6. Deal with component bugs
Occasionally, there are certain bugs in the component you are using, such as a resource leak (e.g. not close the DB connection), thread-safe problems, etc. When you find bugs when assembling, immediately post a message to the forum and contact the PM. They will fix any issues with the component and, if necessary, extend the timelines. Note: you should NOT make the fix yourself without bringing it up to the PM.

7. Request component enhancements
Sometimes, you will find a certain component can not satisfy the functionality it should provide. In this situation, you should contact the PM immediately, and tell them which function you think should be added, so that they can get the components fixed and back to you. Note: you should NOT make any modifications on the component by yourself without bringing it up to the PM.

8. Convert the prototype
Prototype pages will be provided in assembly documentation, and your team will be responsible for converting these HTML pages into the specified front-end technology, such as JSP or ASPX. All the details in the prototype should be followed exactly, otherwise you may be scored down by the reviewer.

9. Don't stop refactoring
Team members should keep refactoring the code mercilessly during the assembly. This will keep the design simple and help you avoid needless clutter and complexity. Keep your code clean and concise so it is easier to understand, modify, and extend. Make sure everything is expressed once, and only once. By doing this, you will save yourself time when you fix bugs and add required functionality — and you will make your work a lot more appealing to reviewers.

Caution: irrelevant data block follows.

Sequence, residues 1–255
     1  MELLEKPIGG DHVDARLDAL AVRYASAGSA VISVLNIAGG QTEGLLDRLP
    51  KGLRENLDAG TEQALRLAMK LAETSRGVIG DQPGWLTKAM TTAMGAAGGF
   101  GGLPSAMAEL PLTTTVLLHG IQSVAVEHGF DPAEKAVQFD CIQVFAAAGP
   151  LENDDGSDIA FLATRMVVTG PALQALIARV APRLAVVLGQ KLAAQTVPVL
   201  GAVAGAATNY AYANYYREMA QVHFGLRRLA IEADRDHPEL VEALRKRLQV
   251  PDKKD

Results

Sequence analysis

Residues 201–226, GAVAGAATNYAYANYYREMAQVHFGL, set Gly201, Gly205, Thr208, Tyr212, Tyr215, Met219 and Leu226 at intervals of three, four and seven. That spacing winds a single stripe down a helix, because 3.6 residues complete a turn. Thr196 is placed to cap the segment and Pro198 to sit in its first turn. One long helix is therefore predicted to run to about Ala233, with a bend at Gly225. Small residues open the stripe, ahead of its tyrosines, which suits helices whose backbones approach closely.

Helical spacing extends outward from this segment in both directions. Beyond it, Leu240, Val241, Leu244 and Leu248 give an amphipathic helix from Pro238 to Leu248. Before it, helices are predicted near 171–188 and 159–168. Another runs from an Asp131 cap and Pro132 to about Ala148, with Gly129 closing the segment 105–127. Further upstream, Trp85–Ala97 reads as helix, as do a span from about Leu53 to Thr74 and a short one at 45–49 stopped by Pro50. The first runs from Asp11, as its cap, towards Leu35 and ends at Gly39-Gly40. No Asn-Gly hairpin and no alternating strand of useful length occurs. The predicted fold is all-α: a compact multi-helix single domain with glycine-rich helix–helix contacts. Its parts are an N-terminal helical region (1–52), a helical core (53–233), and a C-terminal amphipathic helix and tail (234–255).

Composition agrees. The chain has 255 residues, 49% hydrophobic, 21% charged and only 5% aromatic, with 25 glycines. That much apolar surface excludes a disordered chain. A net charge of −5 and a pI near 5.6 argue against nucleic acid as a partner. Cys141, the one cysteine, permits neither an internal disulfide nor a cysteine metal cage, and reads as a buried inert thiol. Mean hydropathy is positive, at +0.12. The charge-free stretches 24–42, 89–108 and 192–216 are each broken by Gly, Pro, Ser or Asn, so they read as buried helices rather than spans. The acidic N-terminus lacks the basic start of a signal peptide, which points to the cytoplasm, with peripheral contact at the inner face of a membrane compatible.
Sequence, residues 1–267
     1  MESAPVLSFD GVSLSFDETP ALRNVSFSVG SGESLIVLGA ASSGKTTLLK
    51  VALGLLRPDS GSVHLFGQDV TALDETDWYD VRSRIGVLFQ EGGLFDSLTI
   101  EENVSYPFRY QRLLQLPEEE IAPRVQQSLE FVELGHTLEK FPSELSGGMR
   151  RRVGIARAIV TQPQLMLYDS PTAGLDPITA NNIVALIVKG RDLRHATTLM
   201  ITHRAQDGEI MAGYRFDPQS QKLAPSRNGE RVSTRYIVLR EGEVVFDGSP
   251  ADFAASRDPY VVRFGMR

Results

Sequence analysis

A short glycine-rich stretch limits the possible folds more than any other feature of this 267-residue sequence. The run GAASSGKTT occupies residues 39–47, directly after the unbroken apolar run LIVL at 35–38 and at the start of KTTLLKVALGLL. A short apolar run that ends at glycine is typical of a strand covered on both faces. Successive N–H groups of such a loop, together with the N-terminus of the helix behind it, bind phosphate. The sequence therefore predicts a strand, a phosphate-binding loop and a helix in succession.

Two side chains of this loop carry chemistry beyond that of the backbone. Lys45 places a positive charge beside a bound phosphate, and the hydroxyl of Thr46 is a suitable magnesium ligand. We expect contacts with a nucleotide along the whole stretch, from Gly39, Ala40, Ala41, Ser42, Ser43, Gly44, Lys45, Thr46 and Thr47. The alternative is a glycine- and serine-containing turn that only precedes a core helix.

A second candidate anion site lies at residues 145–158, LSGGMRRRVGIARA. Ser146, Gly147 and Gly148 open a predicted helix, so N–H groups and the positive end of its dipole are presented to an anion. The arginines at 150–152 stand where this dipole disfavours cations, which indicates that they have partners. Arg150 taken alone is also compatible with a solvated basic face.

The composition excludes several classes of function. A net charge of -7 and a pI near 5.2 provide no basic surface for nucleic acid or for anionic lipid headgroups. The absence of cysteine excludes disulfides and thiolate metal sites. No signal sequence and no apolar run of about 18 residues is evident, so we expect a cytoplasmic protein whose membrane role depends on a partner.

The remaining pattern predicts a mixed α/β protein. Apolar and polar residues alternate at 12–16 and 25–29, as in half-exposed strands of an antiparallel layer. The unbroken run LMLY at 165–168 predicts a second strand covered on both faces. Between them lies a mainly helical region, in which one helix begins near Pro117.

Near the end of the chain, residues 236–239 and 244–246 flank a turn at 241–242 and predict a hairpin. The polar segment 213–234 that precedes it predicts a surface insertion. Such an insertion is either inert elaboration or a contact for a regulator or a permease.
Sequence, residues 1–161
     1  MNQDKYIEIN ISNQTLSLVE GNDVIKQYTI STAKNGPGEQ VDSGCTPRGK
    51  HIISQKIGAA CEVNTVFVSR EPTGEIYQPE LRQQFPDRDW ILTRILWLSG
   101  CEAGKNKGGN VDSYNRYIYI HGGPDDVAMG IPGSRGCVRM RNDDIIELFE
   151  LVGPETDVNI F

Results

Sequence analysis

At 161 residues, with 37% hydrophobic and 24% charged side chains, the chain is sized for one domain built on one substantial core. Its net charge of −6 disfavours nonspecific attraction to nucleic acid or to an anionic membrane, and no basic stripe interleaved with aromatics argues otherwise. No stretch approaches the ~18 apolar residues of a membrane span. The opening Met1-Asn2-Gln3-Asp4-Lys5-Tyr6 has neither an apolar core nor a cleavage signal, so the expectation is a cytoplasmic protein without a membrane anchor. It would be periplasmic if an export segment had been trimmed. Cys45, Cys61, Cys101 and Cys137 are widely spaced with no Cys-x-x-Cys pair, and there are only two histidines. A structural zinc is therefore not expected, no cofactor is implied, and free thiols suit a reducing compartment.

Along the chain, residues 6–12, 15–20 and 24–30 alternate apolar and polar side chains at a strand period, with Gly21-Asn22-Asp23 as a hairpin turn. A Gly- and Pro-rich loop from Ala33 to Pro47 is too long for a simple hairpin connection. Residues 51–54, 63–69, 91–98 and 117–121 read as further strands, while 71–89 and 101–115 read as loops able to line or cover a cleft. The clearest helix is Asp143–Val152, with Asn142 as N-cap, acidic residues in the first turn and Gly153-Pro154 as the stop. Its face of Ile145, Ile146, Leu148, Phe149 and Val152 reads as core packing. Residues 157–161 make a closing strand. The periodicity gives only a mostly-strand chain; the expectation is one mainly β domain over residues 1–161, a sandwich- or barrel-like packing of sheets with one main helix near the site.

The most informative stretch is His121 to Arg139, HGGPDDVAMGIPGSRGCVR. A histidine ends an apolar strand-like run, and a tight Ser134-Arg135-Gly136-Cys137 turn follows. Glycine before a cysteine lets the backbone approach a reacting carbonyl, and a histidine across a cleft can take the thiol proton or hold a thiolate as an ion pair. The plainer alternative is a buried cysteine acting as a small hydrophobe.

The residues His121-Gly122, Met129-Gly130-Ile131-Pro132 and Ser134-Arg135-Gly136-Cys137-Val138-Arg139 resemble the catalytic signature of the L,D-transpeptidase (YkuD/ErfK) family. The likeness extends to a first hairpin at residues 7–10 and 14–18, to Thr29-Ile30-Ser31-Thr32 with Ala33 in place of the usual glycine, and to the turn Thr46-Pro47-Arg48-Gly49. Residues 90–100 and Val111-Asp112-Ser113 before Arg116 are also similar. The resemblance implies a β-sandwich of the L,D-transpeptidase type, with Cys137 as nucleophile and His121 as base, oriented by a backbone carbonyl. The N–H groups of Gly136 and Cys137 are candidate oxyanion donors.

10. Test thoroughly
All the public class should have its corresponding unit tests, manual tests should also be done according to the all test scenarios specified in the TestScenarios documentation. Make sure your tests are thorough, and manual tests cover all the test scenarios, since your submission will also be run against several test suites (functional tests) from another software testing competition.

11. Challenge the test cases
TopCoder has another software testing competition to go hand-in-hand with the assembly competition. So when testing competition finishes, you can download several test suites to run against your submission. These test suites are all functional tests. Some of them may be invalid, so you have a chance to challenge them; you will need to write a list of test cases you believe are invalid, and give a succinct and accurate appeal to each test case you believe is wrong.

12. Write a detailed deployment guide
It's very important to write a highly detailed deployment guide to make sure the TopCoder staff can deploy your submission successfully on their environment. In the guide, you should mention the organization of your submission (directory structure, description of each file), describe how to set up the required servers (such as application server, database server), and include detailed comments of configuration files. You should also give a list of the configuration parameters that need to modify and an auto-deploy build script which will make the deployment work easier.

13. Review and understand the assembly scorecard
Before you start, you should review the assembly scorecard, and make sure you understand each item well so that you can make a high-quality submission.

Follow these thirteen guidelines as well as you can, and you and your team will have a much better shot in the next Assembly Competition.

Watch for the next Assembly Competition, coming next month!